The People Have Spoken: Audience Awards Shine Light on Outfest Los Angeles Fan Favorites


As Outfest filmmakers take their work beyond the Outfest Los Angeles, the festival’s audience awards help standout films reach wider audiences.

By Ose Ehianeta Arheghan

August, 10, 2023

A white man floats in a lake facing the sky as another white person swims behind him. A still from Big Boys, courtesy of the filmmakers.

Festival audience awards provide filmmakers with confirmation that their work is resonating with its viewers at a state in the artistic process where that feedback may not be as easy to ascertain. 

This year, the Outfest Los Angeles LGBTQ+ Festival awarded audience awards in six categories: Best Platinum Short, Best Documentary Short, Best Narrative Short, Best Episodic Series, Best Documentary Feature and Best Narrative Feature. 

For the winners of the Best Episodic Series, their audience award served as external validation of the strength of their concept and has encouraged them to continue dedicating time and resources to their upcoming show. 

“Our TV pilot, Day Jobs, features a queer love story and to win the audience award at Outfest really shows us that we’re connecting with the audiences that this show aims to represent,” Stevie Wain, the show’s writer, star and co-director said. “To win the audience award at one of the most prestigious LGBT film festivals in the country really proved to us that there is a clear audience for this TV show and it makes us even more eager to make it.”

Two women, one with short blonde hair and other with long brown hair, share a passionate kiss. A still from Day Jobs, courtesy of the filmmakers.

Particularly for the Episodic Series category, the audience award comes at a critical time in the development process. 

“It often feels impossible for creators with limited budgets and connections to get their work off the ground but when a film festival honors us with an audience award it leads us to getting more meetings and more opportunities to pitch this show,” Wain said. 

Director of Programming for Outfest, Mike Dougherty, provided some additional context about how audience awards help creatives find and grow their audiences. 

Film festivals are crowded with great work, often by filmmakers still looking to gain greater traction in the industry, or find distribution for their films,” he said. “Since it’s impossible to catch every screening at a festival, Audience Awards are a great way to gauge some of the work that has really spoken to people, and can help the right people notice that your film is sure to please a crowd, hence be a great prospect to get behind.”

A white man with short blond hair wearing glasses looks upwards in a church. A lens flare can be seen in the foreground. A still from 1946: The Mistranslation That Shifted Culture, courtesy of the filmmakers.

The team behind 1946: The Mistranslation That Shifted Culture also deeply valued their Best Documentary Feature audience award.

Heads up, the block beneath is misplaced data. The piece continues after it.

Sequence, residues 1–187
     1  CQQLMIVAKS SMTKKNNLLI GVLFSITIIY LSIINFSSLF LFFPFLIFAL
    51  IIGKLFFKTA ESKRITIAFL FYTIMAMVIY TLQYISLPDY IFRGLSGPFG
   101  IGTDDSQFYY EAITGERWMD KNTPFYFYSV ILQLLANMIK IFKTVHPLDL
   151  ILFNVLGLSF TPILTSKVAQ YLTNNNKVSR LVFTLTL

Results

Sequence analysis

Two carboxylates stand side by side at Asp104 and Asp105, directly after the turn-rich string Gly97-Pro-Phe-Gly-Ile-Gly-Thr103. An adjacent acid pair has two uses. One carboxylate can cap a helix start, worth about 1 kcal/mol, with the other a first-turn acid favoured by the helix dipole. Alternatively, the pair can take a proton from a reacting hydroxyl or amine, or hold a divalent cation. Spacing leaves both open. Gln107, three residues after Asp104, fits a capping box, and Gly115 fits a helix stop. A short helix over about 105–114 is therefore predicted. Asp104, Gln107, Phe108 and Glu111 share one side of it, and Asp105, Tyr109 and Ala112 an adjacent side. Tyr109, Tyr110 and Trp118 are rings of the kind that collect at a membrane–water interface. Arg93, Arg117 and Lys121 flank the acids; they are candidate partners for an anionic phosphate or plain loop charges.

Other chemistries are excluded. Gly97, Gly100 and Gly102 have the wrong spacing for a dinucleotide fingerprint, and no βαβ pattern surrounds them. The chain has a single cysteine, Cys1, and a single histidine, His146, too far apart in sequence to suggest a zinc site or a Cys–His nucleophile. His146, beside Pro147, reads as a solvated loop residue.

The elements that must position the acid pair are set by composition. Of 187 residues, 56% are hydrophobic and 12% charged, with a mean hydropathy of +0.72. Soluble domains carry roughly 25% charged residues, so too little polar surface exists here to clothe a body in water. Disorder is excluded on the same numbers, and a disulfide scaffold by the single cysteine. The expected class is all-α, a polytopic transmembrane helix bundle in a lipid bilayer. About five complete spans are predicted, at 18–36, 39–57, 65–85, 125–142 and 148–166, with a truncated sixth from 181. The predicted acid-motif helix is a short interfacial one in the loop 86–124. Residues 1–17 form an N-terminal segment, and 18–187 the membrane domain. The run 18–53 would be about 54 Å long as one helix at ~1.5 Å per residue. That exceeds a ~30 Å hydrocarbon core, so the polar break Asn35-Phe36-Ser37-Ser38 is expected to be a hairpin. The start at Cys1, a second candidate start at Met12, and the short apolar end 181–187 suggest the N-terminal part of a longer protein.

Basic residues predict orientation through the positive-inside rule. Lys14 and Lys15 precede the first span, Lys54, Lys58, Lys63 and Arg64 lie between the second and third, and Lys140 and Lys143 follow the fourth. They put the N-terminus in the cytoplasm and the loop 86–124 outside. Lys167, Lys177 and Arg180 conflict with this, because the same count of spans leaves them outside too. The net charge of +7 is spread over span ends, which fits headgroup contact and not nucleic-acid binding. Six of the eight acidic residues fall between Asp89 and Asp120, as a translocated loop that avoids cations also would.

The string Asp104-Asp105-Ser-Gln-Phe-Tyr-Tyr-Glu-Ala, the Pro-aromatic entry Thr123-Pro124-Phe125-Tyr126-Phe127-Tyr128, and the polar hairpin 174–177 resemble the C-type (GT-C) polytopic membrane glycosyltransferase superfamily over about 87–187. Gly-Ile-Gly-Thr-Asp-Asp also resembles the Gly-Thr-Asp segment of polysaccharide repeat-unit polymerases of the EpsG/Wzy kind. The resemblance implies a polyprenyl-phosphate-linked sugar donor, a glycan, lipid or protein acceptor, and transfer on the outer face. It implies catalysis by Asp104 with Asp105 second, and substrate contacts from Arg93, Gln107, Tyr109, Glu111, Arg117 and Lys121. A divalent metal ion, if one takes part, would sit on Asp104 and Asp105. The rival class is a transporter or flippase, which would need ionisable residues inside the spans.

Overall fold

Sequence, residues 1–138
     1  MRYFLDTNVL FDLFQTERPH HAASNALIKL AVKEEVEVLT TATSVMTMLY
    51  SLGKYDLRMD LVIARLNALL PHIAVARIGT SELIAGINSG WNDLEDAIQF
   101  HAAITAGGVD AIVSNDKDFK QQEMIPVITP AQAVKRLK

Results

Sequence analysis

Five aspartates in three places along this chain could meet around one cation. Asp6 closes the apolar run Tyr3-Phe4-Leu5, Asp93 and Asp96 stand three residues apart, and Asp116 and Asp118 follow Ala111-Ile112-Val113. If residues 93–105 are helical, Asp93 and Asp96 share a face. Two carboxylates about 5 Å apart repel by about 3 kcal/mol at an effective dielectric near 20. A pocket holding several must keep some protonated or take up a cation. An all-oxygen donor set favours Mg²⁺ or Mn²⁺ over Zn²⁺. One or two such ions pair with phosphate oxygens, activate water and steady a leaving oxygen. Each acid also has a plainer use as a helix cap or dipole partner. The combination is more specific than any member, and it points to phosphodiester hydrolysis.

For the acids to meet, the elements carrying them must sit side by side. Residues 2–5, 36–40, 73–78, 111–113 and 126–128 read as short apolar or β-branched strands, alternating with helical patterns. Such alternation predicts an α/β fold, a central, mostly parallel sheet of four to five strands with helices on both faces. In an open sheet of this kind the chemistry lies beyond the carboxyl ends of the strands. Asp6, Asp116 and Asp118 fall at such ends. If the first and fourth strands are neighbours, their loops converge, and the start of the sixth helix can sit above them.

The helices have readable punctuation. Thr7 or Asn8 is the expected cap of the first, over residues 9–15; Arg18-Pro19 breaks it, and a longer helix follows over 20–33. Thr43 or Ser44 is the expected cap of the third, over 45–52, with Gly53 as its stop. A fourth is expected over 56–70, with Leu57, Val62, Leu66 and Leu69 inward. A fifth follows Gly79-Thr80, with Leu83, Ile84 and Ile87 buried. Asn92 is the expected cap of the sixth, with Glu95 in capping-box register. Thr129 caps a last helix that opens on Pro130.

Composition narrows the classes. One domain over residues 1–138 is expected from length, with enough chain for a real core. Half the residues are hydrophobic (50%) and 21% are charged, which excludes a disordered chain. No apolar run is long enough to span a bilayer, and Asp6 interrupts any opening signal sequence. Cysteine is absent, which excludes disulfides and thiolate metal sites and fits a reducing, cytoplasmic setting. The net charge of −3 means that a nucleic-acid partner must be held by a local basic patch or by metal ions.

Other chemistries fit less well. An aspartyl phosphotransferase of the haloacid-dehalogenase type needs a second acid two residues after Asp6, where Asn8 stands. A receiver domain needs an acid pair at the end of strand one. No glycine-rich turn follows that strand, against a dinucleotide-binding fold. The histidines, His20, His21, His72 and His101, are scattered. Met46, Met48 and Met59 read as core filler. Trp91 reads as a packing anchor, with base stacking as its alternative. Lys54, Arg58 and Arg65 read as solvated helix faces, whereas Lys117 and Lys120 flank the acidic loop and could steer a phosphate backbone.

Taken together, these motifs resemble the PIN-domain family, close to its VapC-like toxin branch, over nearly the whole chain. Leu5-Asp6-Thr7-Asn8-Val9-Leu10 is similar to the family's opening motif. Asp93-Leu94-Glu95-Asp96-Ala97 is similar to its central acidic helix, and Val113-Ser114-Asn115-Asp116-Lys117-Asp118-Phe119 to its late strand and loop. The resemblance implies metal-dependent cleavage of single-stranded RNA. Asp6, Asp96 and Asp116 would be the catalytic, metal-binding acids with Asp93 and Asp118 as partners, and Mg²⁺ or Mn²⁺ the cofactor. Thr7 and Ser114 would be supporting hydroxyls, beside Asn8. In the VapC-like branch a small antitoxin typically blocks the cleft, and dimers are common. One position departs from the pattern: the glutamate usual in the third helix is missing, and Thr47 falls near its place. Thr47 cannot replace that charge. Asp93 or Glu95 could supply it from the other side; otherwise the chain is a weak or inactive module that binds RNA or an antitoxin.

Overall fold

“Audience support serves as a powerful amplifier for our message, enabling us to touch more lives and broaden understanding and empathy in our culture,” director Sharon “Rocky” Roggio said regarding her directorial debut. “As we continue to traverse this path of change, I am inspired by the connection we’ve forged with audiences and the role our film plays in fostering vital dialogues and societal transformation.”

For the 1946 team, their award serves as confirmation that the audience resonated with the core of their independent social justice film.

“It has been a challenging journey to introduce themes of faith and sexuality to a wounded group and a divided nation, but the warmth and acceptance from audiences affirm the urgency and significance of these conversations,” Roggio said. 

As filmmakers take their work beyond Outfest Los Angeles, brandishing their audience award is a way to prove to prospective viewers that the work may resonate with them too.

“In a world where queer films tend to be pigeonholed by the industry as only for a ‘certain audience’, award winners at LGBTQ+ festivals like Outfest Los Angeles can prove their work has wide appeal,” Dougherty said.

A complete list of the 2023 Outfest Los Angeles LGBTQ+ Film Festival Audience Awards can be found below:

Audience Award for Best Platinum Short: OUT OF THE CORNER OF OUR EYE, dir. John Ira Palmer

Audience Award for Best Documentary Short: THEY CALL ME SUKI, dir. M.G. Evangelista

Audience Award for Best Narrative Short: THE BALLAD OF TITA AND THE MACHINES, dir. Miguel Angel Caballero

Audience Award for Best Episodic Series: DAY JOBS, dirs. Stevie Wain, Auri Jackson

Audience Award for Best Documentary Feature: 1946: THE MISTRANSLATION THAT SHIFTED CULTURE, dir. Sharon Marie Roggio

Audience Award for Best Narrative Feature: BIG BOYS, dir. Corey Sherman

Ose Ehianeta Arheghan (they/them) is a freelance journalist in Brooklyn, NY. As a journalist Ehianeta has written for The Advocate, Alternative Press Magazine and GLAAD’s blog, AMP. They were one of GLAAD’s 20 Under 20 Rising Star a recent intern at National Public Radio (NPR) on the It’s Been a Minute team. 

Ehianeta is also an Outfest Inclusive Press Fellow for the Outfest Los Angeles LGBTQ+ Film Festival. Learn more about the program here.


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